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Letters

Our Tax Dollars at Work

Re “Apparently Money Does Grow on Trees: There’s No Other Way the Park District Can Justify the $22 Million It’s Spending on Its Streeterville Offices” by Ben Joravsky, April 10

And how much property could be purchased for $22 million in less affluent areas for the creation of neighborhood parks? The Park District is always crying poor when it comes to the neighborhoods but continues waste­ful spending on administration and boondoggles like this.

Aviva Patt

Have you ever been in the offices? Beau­tiful!! Real wood, artwork everywhere; it is a fantastic custom build-out. I wish I worked there, except I think I would feel too guilty.

Jenn

Hi Jenn, if you enjoy opulent interior decorating, don’t miss CTA HQ.

Hugh

Given the remedial math skills of these “brain trusts” they must have graduated from CPS schools. . . . Oh, that’s right, the graduation rate sucks so maybe they went to . . . the Richie Daley School of “Stick It to the Taxpayers.” One more in a long line of rip-offs, where the F*** is Fitzgerald?

Frank Morgan

This is the same park district that spent millions to put iron fences around the parks. I guess when you’re spending someone else’s money then the sky is the limit. Daley, Stroger, and the rest of the hacks are brilliant at rewarding their friends.

albanypark

Men of Their Times

Re “Harold and Barack” by Michael Miner, Hot Type, April 10

Harold Washington was Black. [An] African-American who lived the American Black experience.

Barack Obama is African-American but lived the white American experience.

Barack Obama did not suffer racism but has been gifted because of white guilt, while Harold Washington was brutally oppressed because of race.

The ancestors of Harold Washington were slaves. The ancestors of Barack Obama were slaveholders.

Barack Obama is an intelligent and articulate man. But he does not speak truth to power. He is the Black man that whites feel comfortable with.

Barack Obama has been silent on torture under Jon Burge.

Barack Obama has been silent on corruption in the Daley and Blagojevich administrations.

Barack Obama has been silent on police torture in Chicago and racism that still happens today in his area.

Harold Washington had courage, Black unity, and higher turnout, which did not happen under Barack, and spoke truth to power.

John

How do YOU know what Barack “suffered”? I really wish people would stop playing the “is he black enough?” While your points about his support of machine politics and Burge are valid, they are overshadowed by the other crap you were kicking.

Jamie

It's not the Movement, it's the Moment

I hope Michael Miner’s piece on “Harold and Barack” leads more readers to Salim Muwakkil’s wonderful new book [Harold! Photographs From the Harold Washington Years], including its chapter on how “The Movement Finds the Man.” It holds lessons from an earlier era that can help us contemplate today’s challenges.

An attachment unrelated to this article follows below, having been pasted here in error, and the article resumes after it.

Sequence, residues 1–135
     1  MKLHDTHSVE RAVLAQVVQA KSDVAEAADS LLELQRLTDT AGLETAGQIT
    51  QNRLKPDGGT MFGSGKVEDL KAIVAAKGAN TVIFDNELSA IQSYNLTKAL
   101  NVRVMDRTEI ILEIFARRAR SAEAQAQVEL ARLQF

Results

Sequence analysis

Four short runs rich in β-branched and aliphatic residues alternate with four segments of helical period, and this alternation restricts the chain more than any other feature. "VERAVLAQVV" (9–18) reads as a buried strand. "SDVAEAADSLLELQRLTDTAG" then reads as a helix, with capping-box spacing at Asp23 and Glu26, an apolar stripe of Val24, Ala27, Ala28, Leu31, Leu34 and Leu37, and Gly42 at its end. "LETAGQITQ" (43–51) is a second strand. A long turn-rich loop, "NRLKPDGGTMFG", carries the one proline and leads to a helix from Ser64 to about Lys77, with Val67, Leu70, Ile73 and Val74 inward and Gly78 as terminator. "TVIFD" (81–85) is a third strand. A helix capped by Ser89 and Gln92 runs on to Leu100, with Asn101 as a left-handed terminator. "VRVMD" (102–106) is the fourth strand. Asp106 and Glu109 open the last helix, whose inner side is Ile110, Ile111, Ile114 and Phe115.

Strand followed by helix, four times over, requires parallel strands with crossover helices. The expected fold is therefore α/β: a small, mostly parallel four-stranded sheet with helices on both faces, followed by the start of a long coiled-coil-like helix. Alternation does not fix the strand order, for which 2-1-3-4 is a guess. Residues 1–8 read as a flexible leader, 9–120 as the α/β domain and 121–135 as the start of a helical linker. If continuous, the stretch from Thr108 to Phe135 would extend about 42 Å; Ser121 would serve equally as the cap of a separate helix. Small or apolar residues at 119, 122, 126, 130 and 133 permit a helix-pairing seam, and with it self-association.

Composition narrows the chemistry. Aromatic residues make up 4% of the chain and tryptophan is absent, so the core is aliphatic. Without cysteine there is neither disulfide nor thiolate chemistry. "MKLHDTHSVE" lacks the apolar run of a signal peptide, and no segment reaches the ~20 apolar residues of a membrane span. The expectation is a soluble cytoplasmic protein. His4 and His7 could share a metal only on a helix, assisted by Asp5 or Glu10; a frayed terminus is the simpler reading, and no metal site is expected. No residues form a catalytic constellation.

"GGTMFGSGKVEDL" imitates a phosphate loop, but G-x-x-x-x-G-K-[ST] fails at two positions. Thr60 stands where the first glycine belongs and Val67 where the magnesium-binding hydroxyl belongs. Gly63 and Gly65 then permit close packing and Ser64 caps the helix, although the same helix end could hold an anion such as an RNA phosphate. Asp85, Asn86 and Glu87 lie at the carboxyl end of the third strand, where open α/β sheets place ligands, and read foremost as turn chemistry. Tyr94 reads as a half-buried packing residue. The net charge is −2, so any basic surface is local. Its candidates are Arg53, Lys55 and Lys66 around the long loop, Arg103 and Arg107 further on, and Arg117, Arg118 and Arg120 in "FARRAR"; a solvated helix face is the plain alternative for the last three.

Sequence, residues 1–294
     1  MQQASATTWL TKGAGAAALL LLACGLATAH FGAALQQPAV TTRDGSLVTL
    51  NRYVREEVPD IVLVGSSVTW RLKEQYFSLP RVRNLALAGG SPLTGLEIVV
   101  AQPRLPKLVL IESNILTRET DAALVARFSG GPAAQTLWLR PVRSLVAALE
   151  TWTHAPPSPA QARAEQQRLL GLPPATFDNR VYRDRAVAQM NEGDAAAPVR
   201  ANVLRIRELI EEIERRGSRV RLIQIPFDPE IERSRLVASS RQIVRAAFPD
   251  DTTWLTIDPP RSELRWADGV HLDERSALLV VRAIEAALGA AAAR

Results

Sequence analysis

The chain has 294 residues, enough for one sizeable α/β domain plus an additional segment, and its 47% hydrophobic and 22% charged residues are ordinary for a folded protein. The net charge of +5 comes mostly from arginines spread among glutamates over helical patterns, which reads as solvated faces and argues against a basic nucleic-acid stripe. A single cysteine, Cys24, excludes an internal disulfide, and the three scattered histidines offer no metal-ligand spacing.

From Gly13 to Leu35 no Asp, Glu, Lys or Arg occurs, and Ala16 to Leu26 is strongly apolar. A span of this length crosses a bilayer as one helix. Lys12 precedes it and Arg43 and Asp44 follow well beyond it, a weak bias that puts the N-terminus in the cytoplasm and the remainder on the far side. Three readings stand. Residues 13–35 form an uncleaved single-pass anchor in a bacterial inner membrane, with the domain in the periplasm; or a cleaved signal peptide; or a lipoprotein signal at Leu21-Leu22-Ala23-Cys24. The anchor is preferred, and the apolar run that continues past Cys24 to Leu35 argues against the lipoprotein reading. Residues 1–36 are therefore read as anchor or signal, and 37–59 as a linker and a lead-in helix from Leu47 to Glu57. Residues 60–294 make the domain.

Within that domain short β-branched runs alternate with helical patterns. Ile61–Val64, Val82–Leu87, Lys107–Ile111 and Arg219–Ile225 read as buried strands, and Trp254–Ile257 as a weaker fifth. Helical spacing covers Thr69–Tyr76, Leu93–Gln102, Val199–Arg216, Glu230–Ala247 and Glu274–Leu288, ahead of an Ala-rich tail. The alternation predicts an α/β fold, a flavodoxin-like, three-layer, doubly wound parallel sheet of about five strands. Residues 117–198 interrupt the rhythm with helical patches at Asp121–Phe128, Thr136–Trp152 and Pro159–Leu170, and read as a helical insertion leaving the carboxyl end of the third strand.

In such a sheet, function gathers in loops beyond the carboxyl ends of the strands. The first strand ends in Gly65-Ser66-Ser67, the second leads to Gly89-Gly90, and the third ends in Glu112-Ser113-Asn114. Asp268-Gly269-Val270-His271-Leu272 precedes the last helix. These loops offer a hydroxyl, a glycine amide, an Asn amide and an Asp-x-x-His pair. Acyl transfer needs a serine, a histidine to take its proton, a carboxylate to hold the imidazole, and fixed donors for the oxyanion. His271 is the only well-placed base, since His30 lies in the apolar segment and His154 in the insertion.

Harold Washington told me that he himself did not “subscribe to the great man theory.” He thought that history’s principal actors—the heroes who get the credit—were always the beneficiaries of what today we might call a perfect storm of opportunities.

But he did not credit “the Movement” for putting him into office—or anyway not beyond the decent respect of any politician for his or her political base. Specifically, he chuckled at the thought that he had audi­tioned for the role and had been anointed by a committee of elders (or, according to other claims, radical young Turks).

On the contrary, he told me that he had responded to calls for him to run—again (he had been a mayoral candidate in the 1977 primary)—by challenging community leaders to meet high goals for fund-raising and black voter registration, channeling their enthusiasms for his political risk taking (“Let’s you and him fight,” is how he put it) into focused work on his behalf. Like any leader who knows how to credit others for his successes, he never discouraged anyone from thinking that they were the indispensable element in his election—but the movement didn’t make the man, the man surfed on the movement, and it doesn’t help us in meeting today’s challenges to perpetuate a myth or draw the wrong conclusions from history.

My long contemplation of the meaning of Harold Washington—in my teaching, in my sporadic journalism, and in my two nonfiction books plus a still un­pub­lished novel about Council Wars—convinces me that it’s the Moment, not the Movement, that makes the difference between a frustrated activist and a successful leader.

The Moment is always a patchwork of long-term trends and sudden opportunities, a matter of finding the perfect perspective from which to assemble seemingly dis­parate fragments into a coherent pattern—and then articulating a dynamic narrative supported and illustrated by that pattern of evidence, in which you—the “hero”—are the principal actor. This is not something that happens by itself. The “great man” is almost always an active player, not a humble Samuel who trembles at the call.

I agree with Salim’s take on the similarities and differences between Harold and Barack. The Moment in 1982-1983 was not the Moment of 2007-2008. I have no doubt, however, that a leader of Barack’s skills would have been able to put it all together as Harold did—and vice versa. I only wish such a leader had been around to pick up the torch in 1987, when we lost The Man and had only The Movement to turn to.

Alton Miller
Associate Dean
School of Media Arts
Columbia College Chicago

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